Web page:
Gewerbefreiheit were the very essence of capital.
*12 Unlike his guild predecessor, he could be anybody and could run his shop the way he saw fit. It is not the scale of the undertakings nor the fact of employing the labour of others which makes the first pre-capitalist and the second capitalist. Both generated “surplus value” and enabled their owner to appropriate it. However (except perhaps in Italy north of the Papal States), the guild master’s title to his business was contingent not only upon constraints on output, price and quality, but also upon who he was and how he lived.
Ownership which does not have to be born into, lived up to, served and atoned for, but just
is, is of course no less an ideological phenomenon for that. Its recognition is a distinctive mark of the ideology defining the capitalist state, just as ownership which is contingent upon its conformity to some
principle of social utility, justice, equality or efficiency and which is forfeit or at least
forcibly adjusted if it does not so conform, satisfies an ideology which is variously called democratic, liberal, socialist or combinations of these words.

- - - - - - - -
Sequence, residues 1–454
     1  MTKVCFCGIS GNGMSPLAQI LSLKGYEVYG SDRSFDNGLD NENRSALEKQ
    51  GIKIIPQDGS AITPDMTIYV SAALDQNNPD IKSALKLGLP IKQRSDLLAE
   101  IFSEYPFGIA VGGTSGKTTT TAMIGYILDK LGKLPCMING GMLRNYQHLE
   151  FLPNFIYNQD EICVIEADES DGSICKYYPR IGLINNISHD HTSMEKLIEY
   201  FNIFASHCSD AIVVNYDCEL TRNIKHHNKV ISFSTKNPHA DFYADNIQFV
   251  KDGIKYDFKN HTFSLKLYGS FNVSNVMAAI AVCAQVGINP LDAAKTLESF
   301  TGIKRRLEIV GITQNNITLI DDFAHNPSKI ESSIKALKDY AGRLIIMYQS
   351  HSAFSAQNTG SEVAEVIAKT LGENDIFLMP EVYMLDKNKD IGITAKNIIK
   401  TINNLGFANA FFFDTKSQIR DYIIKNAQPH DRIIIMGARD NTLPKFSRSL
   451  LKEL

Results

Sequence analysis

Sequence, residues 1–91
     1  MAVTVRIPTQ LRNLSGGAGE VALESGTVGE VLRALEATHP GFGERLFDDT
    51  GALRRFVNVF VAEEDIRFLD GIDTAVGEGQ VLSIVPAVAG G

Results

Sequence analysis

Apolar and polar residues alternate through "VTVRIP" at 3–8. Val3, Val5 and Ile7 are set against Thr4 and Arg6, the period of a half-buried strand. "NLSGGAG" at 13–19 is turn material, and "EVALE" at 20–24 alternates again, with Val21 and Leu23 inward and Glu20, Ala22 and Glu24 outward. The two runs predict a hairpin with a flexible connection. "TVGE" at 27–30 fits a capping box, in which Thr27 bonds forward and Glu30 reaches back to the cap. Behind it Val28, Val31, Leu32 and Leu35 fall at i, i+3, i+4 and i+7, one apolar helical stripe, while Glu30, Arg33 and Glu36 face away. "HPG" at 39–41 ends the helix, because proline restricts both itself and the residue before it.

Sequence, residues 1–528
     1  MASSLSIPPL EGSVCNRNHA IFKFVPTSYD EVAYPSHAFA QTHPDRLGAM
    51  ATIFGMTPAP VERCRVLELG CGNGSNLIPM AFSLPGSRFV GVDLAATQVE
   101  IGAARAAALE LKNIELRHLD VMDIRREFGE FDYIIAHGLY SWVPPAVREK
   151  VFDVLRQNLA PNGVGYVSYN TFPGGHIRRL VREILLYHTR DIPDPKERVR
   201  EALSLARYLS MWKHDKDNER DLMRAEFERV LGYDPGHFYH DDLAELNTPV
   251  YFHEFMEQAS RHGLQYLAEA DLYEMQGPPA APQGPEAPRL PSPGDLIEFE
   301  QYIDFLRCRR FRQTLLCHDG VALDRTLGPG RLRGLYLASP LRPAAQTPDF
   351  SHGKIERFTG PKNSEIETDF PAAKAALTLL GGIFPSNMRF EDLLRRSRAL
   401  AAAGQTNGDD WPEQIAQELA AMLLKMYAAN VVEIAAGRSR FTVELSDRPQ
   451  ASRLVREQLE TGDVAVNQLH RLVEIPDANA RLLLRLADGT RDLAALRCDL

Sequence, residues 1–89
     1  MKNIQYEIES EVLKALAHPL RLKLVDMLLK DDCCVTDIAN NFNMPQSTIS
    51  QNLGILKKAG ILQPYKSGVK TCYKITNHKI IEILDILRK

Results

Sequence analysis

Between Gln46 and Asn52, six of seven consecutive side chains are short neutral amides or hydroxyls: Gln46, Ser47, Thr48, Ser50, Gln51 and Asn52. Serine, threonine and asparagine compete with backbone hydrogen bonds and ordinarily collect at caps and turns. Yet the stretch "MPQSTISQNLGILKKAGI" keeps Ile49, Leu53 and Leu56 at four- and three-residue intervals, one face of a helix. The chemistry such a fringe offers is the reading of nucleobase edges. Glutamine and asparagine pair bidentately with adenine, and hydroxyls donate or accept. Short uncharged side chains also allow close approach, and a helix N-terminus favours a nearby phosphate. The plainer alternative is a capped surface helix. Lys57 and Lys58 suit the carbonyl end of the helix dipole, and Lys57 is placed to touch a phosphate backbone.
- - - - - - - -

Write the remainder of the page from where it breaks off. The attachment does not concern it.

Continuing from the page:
Unsurprisingly, the relation connecting the finders-are-keepers principle of ownership to the capitalist state runs both ways. Like other implicit functions which mostly make up the base of the social sciences, it does not feature an independent and a dependent variable, an unmistakeable cause and an effect. The relation really asserts that it takes the capitalist state to accept and uphold such a quintessentially positivist, non-normative principle of ownership, and that it takes such a severe, contingent-upon-nothing kind of ownership to make the state a capitalist state.
There is a second necessary condition of capitalism, which is inevitably bound up with the first without being part of the same thing. It is the freedom of contract. When, as in most of medieval Europe, the tenure of property involved onerous obligations and was open to persons of a defined status or other defined characteristics, alienation by free contract could not have been countenanced by the sovereign. Even the marriage contract was subject to state approval and for really prominent families remained so into the eighteenth century. Property came gradually to be governed by contract rather than status, partly because servitudes in kind were commuted into money and partly because, from being the obligations of the owner, they became those of the property—of the
marquisat rather than of the
marquis—so that the state interest was not harmed by letting it pass into the hands of any upstart tax farmer or venal magistrate. Much the same mutation led from a man’s debts, which he had to discharge or go to prison, to the no-recourse mortgage on property and to the liabilities of an undertaking which permitted its changing hands, even before formal limited liability became widespread.